Bach and Beyond – The Gaudete Singers

  • Music
  • Sun 13 Nov
  • 20.00
  • €20, €15, €5
  • Tickets available at the door


Bach and Beyond

Sunday 13th November 8pm – St Patrick’s Cathedral Lady Chapel Dublin 8

Two Bach motets with Brahms, Bruckner and Mendelssohn motets
The Gaudete Singers directed by David Leigh



€20; €15 Concession; €5 Student. Includes a glass of wine or soft drink after the concert.


Jesu, meine Freude (BWV 227) Johann Sebastian Bach (1685 – 1750)
Fürchte dich nicht, ich bin bei dir (BMV 228)

Warum ist das Licht gegeben dem Müseligen? Johannes Brahms (1833 – 1897)
Os Justi Anton Bruckner (1824 – 1896)
Der 43ste Psalm: Richte mich Gott Felix Mendelssohn (1809 – 1847)

Although Bach’s cantatas are more numerous and better known, Bach’s motets stand out as masterpieces of the Baroque period. The two motets featured in this concert are:

Jesu, meine Freude (BWV 227)
The longest and most musically complex of Bach’s six motets and one of few works by Bach in five parts. The words of the chorale are from a Lutheran hymn by Johann Franck (first published in 1653). The hymn tune is by Johann Crüger and the work is in 11 movements. The six stanzas of the chorale appear as the odd numbered movements throughout the motet interspersed by the even numbered movements, which are settings of five verses Romans 8: verses 1, 2 and 9 – 11.

Four-part chorale harmonisations of stanzas 1 and 6 begin and end the work, stanzas 2 and 4 are alternative harmonisations of the tune. Stanza 3 “Trotz dem alten Drachen” (Despite the old dragon) is a free setting that quotes only motifs of the hymn tune and stanza 5 is a chorale fantasia “Gute Nacht”. Four biblical verses are set in the style of a motet, two for five voices and two for three voices. The central movement from Romans 8: verse 9 is a five-part fugue, “Ihr aber seid nicht fleischlich, sondern geistlich” (But ye are not in the flesh, but in the Spirit).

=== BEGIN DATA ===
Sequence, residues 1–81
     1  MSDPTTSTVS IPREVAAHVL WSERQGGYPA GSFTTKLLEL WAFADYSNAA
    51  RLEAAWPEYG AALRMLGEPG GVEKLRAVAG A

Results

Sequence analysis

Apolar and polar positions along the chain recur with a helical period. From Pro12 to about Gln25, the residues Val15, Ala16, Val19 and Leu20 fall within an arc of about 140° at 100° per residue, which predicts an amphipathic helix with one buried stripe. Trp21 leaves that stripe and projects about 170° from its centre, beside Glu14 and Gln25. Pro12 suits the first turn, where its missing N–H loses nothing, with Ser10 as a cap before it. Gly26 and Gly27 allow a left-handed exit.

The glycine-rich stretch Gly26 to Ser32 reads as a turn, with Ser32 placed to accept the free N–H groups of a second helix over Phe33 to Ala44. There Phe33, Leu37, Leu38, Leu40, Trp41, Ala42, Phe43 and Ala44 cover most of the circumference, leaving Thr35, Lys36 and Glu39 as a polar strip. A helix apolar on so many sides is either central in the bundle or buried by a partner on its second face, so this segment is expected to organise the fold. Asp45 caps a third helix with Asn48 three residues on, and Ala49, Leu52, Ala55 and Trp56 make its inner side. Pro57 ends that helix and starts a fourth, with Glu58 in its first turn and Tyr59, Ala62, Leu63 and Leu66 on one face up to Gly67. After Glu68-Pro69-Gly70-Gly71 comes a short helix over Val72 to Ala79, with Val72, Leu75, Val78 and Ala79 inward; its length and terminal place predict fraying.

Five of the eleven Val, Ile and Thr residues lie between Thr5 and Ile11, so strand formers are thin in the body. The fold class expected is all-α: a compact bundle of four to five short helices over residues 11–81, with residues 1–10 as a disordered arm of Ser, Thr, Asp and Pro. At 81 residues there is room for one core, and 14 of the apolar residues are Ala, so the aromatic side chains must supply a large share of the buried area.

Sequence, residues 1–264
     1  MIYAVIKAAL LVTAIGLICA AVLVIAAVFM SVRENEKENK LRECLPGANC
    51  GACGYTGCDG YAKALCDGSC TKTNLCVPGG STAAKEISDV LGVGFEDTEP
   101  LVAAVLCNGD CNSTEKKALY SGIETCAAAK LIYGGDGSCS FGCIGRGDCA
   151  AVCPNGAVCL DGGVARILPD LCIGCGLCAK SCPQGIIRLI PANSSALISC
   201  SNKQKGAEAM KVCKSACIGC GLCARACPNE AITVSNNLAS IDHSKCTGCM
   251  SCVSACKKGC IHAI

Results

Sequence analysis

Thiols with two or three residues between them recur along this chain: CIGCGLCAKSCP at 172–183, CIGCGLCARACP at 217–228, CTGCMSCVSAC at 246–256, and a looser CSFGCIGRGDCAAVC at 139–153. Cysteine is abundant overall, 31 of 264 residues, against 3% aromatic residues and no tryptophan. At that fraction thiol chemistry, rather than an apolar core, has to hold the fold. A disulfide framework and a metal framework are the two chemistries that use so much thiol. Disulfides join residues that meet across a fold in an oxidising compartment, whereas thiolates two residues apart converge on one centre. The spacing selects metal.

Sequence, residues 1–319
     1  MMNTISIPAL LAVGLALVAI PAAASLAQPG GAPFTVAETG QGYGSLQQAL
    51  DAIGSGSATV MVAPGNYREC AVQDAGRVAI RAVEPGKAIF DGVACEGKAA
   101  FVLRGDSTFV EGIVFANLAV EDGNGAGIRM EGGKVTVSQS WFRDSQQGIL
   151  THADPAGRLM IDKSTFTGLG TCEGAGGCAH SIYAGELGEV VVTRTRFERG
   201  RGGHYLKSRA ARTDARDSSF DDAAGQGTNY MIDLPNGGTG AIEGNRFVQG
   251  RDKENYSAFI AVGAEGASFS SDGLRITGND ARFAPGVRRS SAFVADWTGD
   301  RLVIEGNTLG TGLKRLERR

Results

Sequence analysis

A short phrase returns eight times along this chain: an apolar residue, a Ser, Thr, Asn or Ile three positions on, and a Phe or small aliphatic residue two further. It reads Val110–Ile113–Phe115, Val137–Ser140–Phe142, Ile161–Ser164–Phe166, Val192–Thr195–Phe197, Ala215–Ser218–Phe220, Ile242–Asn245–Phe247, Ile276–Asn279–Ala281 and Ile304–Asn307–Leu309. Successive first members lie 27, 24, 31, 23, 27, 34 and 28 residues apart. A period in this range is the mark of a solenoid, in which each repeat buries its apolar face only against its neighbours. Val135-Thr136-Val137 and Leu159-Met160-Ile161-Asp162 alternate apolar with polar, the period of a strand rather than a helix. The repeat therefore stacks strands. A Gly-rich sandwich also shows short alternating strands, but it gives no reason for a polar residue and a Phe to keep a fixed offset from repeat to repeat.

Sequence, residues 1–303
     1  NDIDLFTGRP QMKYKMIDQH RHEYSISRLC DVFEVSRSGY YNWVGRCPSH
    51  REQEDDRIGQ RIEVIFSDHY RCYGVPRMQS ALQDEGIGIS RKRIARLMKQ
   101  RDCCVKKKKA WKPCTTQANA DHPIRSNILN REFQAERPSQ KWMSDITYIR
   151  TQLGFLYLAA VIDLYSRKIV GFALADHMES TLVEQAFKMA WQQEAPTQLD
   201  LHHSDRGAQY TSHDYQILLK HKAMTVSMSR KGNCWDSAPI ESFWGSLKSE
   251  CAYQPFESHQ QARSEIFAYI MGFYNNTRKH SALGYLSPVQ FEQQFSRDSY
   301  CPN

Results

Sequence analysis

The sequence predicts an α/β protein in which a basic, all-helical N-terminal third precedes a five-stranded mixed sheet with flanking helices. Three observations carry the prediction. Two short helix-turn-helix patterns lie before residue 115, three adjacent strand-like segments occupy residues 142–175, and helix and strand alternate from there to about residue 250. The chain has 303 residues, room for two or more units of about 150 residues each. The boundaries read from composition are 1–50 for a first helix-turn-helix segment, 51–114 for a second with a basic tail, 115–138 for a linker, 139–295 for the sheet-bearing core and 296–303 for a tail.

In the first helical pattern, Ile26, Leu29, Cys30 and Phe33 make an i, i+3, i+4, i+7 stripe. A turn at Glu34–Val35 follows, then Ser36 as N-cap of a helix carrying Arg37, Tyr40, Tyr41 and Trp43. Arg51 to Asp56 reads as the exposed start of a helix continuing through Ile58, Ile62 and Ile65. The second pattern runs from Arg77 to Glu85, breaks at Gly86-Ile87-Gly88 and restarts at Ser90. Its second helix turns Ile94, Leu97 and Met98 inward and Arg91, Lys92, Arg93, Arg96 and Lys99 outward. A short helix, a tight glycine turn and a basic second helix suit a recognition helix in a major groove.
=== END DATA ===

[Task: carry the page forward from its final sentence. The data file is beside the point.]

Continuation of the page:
Fürchte dich nicht, ich bin bei dir (BMV 228)
This motet was possibly written for a funeral and perhaps for the funeral of Susanna Sophia Winckler held in Leipzig on 4th February 1726. However as the original manuscript no longer survives the work cannot be dated with certainty. Some scholars have suggested that it was written earlier during his time in Weimar between 1708 and 1717.

The motet is scored for double choir in 2 movements using text from Isaiah 41: verse 10 and 43: verse 1, the latter being a fugue with chorale. The chorale is stanzas 11 and 12 of the hymn Warum sollt mich denn grämen by Paul Gerhardt with a variant of the tune by Johann Georg Ebeling. The two choirs combine to sing this with the soprano line singing the chorale and the other 3 parts singing a fugue to the setting of Isaiah 43:1.

To complement the four motets the choir will perform works by three composers who came after Bach and who were influenced by his work.

Mendelssohn was responsible for the revival of Bach’s music in the 19th century. In 1828, at age 19, Mendelssohn organized what was thought to be the first performance in 100 years of Bach’s St Matthew’s Passion. Bach’s style and spirit influenced much of Mendelsohn’s work, particularly his organ music and oratorios.

The last word goes to Johannes Brahms who said, “Study Bach: there you will find everything.”